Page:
The Story of Little Suck-a-Thumb
One of the highlights of going to visit my Amma as a small boy used to be reading the old hardback copy of "Struwwelpeter: Merry Tales and Funny Pictures" by Heinrich Hoffman – although it was the inspiration for several recurring nightmares, there was something grotesquely compelling about the book that meant I couldn’t stop re-reading it. The idea that any of the stories could have been described as "Merry Tales" or that this could in any way be considered a children's book was (and still is) bizarre.
My favourite story was always "The Story Of Little Suck-a-Thumb"; it’s the completely cold and matter of fact way in which the unfortunate boy’s mother reacts to her son's mutilation at the hands of the tailor and the freakish illustration of the "great, long, red-legged scissor-man" himself leaping in through the open door with his enormous shears that completely captivated me then (and now).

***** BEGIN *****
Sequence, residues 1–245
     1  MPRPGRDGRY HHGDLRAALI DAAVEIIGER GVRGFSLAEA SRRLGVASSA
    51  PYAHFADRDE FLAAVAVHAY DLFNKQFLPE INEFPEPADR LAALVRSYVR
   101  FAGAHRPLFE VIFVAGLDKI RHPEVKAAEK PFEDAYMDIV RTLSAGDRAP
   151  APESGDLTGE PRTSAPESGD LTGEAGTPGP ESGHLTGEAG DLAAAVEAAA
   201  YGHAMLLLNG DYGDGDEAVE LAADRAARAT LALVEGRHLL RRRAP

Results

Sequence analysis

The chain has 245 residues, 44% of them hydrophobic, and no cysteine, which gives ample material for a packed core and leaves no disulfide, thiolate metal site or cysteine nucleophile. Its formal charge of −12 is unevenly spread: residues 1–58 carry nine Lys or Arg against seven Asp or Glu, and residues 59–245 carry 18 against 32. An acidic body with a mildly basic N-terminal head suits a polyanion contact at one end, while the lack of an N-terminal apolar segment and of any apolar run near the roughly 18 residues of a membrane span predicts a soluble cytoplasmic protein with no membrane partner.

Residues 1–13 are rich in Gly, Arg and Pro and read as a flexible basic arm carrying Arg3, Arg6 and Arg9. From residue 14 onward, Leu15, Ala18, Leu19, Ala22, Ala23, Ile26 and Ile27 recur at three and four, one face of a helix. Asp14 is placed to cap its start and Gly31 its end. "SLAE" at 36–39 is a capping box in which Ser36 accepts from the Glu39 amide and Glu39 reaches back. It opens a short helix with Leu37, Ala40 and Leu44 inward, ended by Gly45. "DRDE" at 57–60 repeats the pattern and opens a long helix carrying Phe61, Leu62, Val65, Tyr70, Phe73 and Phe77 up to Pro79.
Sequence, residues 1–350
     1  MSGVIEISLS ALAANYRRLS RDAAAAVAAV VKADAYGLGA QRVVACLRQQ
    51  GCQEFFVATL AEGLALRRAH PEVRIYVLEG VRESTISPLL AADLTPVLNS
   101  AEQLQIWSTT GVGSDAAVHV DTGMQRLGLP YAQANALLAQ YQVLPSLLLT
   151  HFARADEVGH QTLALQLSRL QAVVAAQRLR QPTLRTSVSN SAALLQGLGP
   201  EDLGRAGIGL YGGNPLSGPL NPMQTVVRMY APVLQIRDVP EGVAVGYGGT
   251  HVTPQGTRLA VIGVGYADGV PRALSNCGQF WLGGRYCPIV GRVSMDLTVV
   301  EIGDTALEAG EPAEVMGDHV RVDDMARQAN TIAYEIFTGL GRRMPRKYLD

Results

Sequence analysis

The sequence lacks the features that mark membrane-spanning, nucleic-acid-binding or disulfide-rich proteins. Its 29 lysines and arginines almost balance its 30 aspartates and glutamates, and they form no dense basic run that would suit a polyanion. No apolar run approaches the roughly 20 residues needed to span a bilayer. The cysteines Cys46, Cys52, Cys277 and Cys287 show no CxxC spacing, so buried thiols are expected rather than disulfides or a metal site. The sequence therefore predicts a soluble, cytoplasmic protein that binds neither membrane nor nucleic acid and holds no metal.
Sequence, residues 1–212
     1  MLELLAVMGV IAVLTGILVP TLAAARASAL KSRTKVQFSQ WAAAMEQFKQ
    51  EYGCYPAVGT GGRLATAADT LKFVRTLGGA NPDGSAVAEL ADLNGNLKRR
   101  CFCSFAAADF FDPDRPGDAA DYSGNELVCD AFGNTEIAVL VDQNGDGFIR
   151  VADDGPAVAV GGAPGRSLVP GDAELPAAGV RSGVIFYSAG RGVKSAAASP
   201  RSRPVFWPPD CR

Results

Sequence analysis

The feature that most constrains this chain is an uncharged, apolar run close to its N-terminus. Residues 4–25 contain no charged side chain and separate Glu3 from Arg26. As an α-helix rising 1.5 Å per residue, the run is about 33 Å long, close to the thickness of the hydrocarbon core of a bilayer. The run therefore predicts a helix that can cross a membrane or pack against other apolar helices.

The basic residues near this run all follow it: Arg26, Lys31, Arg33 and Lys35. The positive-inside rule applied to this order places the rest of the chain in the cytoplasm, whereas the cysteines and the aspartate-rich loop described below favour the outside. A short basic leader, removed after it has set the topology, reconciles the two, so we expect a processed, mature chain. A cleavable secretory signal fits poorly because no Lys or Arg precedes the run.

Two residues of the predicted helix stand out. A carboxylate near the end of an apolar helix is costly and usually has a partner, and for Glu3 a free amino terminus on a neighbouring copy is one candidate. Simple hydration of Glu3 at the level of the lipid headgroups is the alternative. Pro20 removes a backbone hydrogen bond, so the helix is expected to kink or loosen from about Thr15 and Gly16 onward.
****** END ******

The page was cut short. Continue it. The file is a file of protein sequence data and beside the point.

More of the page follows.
One day Mamma said "Conrad dear,
I must go out and leave you here.
But mind now, Conrad, what I say,
Don't suck your thumb while I'm away.
The great tall tailor always comes
To little boys who suck their thumbs;
And ere they dream what he's about,
He takes his great sharp scissors out,
And cuts their thumbs clean off—and then,
You know, they never grow again."
Mamma had scarcely turned her back,
The thumb was in, Alack! Alack!
The door flew open, in he ran,
The great, long, red-legged scissor-man.
Oh! children, see! the tailor's come
And caught out little Suck-a-Thumb.
Snip! Snap! Snip! the scissors go;
And Conrad cries out "Oh! Oh! Oh!"
Snip! Snap! Snip! They go so fast,
That both his thumbs are off at last.
Mamma comes home: there Conrad stands,
And looks quite sad, and shows his hands;
"Ah!" said Mamma, "I knew he'd come
To naughty little Suck-a-Thumb."
The complete nightmare can be downloaded from Project Gutenberg